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NHL Insider

Brodeur 'at peace' with how playing career ended

Tuesday, 10.06.2015 / 5:31 PM / NHL Insider

Mike G. Morreale - Staff Writer

NEWARK, N.J. -- Retired NHL goaltender Martin Brodeur has no regrets over how he ended his career after setting numerous records and winning three Stanley Cup championships as a member of the New Jersey Devils.

In Brodeur's eyes, playing the final seven games of his career with the St. Louis Blues was all part of his incredible journey.

"You know what, I'm at peace with that decision," Brodeur told "Looking back, I have zero regrets in how I closed out my career. In the perfect storm finishing up as a member of the Devils would have been great but I never thought it would happen that way, never saw it coming."

The Devils announced Tuesday they will retire Brodeur's No. 30 on Feb. 9 at Prudential Center; a statue of Brodeur will also be built outside Prudential Center in Championship Plaza.

Lemieux 'shocked' by surprise 50th party: Bergevin

Monday, 10.05.2015 / 10:41 AM / NHL Insider

Arpon Basu - Managing Editor

MONTREAL -- Montreal Canadiens general manager Marc Bergevin turned 50 this year with little fanfare, but he understands why that won't be the case for one of his lifelong friends.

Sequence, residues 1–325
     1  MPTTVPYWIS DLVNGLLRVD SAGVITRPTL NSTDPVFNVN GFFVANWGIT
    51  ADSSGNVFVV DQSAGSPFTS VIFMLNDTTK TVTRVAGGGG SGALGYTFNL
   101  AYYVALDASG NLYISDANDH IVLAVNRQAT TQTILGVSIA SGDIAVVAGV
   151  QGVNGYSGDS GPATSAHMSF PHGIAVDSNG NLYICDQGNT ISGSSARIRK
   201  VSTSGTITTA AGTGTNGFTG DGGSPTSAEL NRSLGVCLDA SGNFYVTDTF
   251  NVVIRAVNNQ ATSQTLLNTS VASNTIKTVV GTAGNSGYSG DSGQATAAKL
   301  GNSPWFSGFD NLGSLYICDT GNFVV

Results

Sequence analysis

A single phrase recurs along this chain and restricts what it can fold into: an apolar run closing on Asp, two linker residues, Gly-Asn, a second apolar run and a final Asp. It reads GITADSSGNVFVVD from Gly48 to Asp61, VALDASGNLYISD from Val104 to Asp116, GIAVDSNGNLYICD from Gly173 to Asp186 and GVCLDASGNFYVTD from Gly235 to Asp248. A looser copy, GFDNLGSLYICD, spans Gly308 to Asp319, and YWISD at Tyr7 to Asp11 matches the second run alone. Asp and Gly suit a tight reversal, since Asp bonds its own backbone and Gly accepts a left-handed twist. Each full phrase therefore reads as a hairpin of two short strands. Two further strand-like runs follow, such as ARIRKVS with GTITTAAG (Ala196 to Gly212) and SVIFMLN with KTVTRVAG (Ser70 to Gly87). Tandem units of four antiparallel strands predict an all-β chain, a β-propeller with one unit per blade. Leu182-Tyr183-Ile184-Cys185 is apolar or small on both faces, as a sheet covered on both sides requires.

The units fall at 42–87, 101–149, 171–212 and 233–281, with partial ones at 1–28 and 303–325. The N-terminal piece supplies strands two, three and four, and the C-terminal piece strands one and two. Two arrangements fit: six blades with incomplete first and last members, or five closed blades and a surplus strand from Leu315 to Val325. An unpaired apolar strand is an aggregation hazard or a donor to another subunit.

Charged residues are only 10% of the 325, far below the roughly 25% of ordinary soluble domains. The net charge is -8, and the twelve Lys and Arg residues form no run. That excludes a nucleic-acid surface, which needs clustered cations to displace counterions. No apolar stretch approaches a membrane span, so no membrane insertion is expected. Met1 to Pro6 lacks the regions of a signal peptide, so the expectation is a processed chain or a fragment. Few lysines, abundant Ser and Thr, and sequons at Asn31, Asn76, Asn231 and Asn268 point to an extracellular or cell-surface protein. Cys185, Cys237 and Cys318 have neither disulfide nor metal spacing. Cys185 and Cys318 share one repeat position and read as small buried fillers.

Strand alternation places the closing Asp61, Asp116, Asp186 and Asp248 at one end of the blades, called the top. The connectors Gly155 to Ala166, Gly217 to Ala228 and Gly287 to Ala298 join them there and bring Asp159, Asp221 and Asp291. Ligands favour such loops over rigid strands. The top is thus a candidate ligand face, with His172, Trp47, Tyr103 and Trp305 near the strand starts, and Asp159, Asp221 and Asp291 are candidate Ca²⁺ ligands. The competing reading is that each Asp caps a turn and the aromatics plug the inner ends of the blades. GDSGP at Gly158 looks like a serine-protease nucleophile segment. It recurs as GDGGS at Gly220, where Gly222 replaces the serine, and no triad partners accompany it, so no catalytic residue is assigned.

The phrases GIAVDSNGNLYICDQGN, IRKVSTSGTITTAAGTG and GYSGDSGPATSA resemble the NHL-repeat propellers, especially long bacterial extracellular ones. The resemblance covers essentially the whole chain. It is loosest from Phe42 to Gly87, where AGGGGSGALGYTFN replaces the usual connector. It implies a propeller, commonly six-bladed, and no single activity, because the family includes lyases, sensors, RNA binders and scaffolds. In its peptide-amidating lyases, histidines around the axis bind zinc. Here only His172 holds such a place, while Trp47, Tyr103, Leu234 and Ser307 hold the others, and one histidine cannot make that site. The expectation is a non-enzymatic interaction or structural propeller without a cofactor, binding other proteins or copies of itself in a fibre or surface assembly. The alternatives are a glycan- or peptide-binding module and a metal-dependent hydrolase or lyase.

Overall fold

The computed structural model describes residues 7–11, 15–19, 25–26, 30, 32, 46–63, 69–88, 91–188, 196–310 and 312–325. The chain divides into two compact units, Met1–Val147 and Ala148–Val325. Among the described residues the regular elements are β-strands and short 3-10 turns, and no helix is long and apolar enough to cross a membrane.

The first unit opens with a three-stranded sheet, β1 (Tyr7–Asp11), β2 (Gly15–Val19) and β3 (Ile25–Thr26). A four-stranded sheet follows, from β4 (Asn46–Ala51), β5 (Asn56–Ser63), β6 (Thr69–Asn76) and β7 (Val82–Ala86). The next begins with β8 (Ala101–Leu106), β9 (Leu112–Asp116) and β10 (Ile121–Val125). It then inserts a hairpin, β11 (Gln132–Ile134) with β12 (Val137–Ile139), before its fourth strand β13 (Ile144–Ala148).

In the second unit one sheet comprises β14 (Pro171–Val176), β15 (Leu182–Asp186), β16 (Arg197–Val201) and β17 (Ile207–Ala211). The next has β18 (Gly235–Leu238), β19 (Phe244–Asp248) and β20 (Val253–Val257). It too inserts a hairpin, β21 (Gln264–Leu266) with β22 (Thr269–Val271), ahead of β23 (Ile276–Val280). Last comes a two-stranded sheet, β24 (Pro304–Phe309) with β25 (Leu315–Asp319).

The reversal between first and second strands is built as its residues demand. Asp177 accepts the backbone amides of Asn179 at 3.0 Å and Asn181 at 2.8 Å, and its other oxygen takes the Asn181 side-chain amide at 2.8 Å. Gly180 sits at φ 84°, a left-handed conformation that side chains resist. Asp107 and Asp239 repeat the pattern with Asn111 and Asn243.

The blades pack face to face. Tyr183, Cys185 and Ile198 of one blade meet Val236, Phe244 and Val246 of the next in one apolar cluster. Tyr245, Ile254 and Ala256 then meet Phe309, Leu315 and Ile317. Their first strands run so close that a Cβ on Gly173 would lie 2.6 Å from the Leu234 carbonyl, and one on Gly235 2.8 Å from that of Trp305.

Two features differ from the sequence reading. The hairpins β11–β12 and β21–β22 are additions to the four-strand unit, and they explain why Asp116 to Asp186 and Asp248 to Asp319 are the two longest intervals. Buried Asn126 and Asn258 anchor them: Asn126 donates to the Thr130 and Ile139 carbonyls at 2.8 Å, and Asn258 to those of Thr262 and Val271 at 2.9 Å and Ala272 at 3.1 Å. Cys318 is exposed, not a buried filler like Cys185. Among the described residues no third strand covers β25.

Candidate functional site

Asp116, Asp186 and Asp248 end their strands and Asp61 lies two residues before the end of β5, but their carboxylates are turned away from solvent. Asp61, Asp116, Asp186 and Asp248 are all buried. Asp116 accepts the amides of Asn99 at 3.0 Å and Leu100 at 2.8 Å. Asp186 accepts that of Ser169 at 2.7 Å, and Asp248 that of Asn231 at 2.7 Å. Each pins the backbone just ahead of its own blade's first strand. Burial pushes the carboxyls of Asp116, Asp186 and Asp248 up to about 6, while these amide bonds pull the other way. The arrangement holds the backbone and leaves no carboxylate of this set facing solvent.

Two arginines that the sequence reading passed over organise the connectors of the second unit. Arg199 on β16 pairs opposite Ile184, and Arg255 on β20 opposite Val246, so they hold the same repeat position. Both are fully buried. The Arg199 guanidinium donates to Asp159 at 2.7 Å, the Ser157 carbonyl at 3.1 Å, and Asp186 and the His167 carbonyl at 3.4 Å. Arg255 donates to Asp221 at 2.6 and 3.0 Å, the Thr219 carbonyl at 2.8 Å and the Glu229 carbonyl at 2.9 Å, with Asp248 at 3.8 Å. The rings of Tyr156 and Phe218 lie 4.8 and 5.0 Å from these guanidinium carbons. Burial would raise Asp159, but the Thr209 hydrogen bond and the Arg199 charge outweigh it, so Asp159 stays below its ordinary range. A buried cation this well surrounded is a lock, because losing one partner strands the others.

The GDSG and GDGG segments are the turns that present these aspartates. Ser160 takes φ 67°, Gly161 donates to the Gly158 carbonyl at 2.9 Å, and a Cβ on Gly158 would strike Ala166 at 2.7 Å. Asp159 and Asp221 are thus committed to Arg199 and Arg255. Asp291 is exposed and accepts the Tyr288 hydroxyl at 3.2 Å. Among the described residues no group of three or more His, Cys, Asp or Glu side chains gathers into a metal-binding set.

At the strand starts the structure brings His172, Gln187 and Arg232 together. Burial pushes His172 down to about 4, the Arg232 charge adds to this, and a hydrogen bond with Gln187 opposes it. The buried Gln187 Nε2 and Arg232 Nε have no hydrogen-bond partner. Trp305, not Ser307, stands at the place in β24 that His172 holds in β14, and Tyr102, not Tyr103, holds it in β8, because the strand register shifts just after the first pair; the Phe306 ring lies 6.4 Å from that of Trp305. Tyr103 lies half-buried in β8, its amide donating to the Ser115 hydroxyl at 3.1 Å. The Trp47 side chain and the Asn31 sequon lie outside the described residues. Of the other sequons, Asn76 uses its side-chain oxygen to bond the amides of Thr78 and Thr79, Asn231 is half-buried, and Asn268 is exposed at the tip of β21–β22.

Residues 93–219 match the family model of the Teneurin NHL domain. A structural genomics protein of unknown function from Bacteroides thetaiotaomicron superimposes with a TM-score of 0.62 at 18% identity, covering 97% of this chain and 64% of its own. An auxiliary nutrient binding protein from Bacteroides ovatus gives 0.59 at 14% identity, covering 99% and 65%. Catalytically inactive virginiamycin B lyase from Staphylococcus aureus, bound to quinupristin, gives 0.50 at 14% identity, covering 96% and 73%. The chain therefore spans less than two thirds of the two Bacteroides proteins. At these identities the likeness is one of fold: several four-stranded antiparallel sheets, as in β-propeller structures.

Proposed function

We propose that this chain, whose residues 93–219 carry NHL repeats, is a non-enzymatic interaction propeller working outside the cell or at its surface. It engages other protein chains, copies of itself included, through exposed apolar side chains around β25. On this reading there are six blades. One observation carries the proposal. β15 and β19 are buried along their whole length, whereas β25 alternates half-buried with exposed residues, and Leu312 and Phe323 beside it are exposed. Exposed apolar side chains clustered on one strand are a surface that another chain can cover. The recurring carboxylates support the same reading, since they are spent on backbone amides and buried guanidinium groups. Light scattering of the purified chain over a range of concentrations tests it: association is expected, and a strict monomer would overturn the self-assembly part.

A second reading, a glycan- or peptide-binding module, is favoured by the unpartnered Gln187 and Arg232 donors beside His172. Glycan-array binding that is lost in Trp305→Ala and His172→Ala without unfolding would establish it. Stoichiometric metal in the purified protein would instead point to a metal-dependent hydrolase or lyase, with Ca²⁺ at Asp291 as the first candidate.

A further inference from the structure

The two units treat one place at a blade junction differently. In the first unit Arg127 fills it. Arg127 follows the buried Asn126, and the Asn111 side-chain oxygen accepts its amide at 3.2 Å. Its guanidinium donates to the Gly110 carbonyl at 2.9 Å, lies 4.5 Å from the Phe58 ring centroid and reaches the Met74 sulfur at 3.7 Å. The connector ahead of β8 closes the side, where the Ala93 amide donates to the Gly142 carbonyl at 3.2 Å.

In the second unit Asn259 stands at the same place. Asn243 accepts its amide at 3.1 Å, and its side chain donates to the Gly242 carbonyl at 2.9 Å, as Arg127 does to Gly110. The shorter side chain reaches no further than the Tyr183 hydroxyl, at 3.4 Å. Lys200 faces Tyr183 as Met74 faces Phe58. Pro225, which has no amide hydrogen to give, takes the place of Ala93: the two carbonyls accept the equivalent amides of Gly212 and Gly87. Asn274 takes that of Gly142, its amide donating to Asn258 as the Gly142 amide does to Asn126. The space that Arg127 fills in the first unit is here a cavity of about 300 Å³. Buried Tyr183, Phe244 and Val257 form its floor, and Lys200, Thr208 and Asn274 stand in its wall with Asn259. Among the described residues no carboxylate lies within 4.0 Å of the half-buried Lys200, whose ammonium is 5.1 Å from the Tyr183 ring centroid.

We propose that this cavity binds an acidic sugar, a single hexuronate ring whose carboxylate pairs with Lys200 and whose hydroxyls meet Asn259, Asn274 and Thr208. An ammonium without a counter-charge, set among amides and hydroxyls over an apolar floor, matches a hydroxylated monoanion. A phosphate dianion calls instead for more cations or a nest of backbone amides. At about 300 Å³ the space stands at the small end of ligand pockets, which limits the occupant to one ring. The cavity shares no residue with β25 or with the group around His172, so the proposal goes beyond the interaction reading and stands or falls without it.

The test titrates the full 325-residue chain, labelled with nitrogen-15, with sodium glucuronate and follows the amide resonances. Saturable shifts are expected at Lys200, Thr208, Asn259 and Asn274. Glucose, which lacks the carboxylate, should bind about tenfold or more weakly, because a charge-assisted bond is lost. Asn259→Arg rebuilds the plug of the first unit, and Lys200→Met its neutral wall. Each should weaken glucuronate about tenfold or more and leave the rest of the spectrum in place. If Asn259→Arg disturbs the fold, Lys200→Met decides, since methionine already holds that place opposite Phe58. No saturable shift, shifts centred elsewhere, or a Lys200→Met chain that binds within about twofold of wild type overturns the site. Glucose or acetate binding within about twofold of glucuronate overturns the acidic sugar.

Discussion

Pittsburgh Penguins co-owner Mario Lemieux turned 50 on Monday, nearly two months after his former minor hockey teammate Bergevin hit the milestone on Aug. 11.

The two technically are competitors in the NHL's Eastern Conference, but the friendship they forged playing for the same team in pee-wee, bantam and midget in southwest Montreal nearly 40 years ago remains as strong as ever.

Mario Lemieux turns 50, NHL players share memories

Monday, 10.05.2015 / 10:41 AM / NHL Insider

Pittsburgh Penguins co-owner and chairman Mario Lemieux, one of the greatest NHL players of all time, turned 50 on Monday.

To commemorate Lemieux's special day, asked players across the League for their memories of the man known as "The Magnificent One."

Lemieux, who battled health issues throughout his 17-season NHL career, had 1,723 points in 915 games, all with the Penguins. He won the Stanley Cup twice as a player (1991, 1992) and as Penguins owner in 2009.

Internationally, Lemieux won an Olympic gold medal, a Canada Cup championship, and a World Cup title. He was inducted into the Hockey Hall of Fame upon his retirement in 1997 but returned to the NHL in 2000 and played parts of five additional seasons before retiring in the middle of the 2005-06 season at the age of 40.

The memories shared by current NHL players were almost as varied as the types of highlight-reel goals Lemieux scored during his unrivaled career.

Here they are:

Rangers' Zuccarello to play first game since injury

Thursday, 09.24.2015 / 2:16 PM / NHL Insider

New York Rangers forward Mats Zuccarello is set to make his preseason debut Thursday against the Boston Bruins at TD Garden.